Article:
This evening gathering is part of a sequence of talks that Mac Macartney is giving in various UK locations this autumn as part of the launch of his new book, The Children’s Fire, heart song of a people.

We will be raising funds for the charity Refugee Youth to run residential trips to the Quadrangle. So we are asking everyone to donate £10 (or more!)

There will be tea and a bowl of soup and bread roll included in your donation.
If you’d like a drink please bring a bottle of wine to share beside the fire.

Please reserve a place before the event by emailing as places are limited.

We can also offer accommodation for those travelling from further afield.
£25 for shared dormitory and breakfast, please get in touch for private room options.

Mac Macartney is the founder of the inspirational social enterprise, Embercombe, a beautiful 50-acre valley located in the foothills of Dartmoor National Park. He is an international speaker, writer, and leadership consultant. Mac is the author of Finding Earth, Finding Soul, the invisible path to authentic leadership and has written many articles on sustainability, leadership, and spirituality.

In the winter of 2009, the coldest winter for many years, Mac Macartney walked from his birthplace in England across Wales to the island of Anglesey, once the spiritual epicentre of Late Iron Age Britain, navigating by the sun and the stars, with no map, compass, stove or tent. The Children’s Fire tells the story of that journey, and seeks to lay bare the aching loss of knowing and understanding sacredness as it applies to fertile soil, clean water, fresh air, kinship, and children.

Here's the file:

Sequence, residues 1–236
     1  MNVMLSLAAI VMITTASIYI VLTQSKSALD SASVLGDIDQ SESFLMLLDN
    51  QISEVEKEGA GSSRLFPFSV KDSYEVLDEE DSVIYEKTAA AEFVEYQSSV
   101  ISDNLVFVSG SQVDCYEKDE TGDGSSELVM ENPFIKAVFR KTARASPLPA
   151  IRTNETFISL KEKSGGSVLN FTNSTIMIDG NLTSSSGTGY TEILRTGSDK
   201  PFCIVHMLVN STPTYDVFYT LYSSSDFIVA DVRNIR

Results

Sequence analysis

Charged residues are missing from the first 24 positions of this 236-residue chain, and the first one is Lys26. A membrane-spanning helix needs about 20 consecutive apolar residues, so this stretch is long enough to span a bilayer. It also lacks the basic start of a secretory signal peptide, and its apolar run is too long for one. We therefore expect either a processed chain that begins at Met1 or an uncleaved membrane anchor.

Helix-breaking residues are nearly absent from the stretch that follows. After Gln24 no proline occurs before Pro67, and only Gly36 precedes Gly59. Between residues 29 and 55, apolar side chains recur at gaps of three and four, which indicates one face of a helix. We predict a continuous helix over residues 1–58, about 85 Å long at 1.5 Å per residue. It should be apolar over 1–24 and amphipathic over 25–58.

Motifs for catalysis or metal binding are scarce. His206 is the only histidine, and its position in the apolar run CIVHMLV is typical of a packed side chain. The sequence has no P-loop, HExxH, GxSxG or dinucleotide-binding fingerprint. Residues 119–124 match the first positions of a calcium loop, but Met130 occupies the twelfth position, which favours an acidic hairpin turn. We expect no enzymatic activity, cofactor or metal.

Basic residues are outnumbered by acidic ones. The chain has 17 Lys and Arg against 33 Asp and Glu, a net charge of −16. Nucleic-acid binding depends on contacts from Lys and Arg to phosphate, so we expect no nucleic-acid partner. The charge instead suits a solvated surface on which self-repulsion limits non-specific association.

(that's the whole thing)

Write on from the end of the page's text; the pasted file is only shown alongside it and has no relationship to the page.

It asserts the emergence of a new story; the story of a people coming home to a truth made all the more precious having so painfully broken faith with nature, our deeper humanity, and the paradise we have fouled with such casual disregard. It is a love story and part of a larger narrative that is surfacing all around the world. It seeks to reclaim our future and name it beautiful.

“Mac Macartney is a prophet of cultural renewal, an interrupter of the Western egocentric-consumer worldview, a wild man, an elder, a humble pilgrim, perhaps a present-day druid, and an enchanting storyteller.”
– Bill Plotkin, author of Soulcraft and Wild Mind

“A haunting paean to an indigenous culture that has been misrepresented for centuries, and a call for a new dedication to the Earth and all its children.
– Richard Louv, author of The Nature Principle and Last Child in the Woods

“Here is a pilgrim quest through geography, history and spirituality. Captivating, haunting, and at times disquieting, yet: ‘… walking into a death landscape … I knew that I was walking into life.’”
– Alastair Mcintosh, author of Soil and Soul and Poacher’s Pilgrimage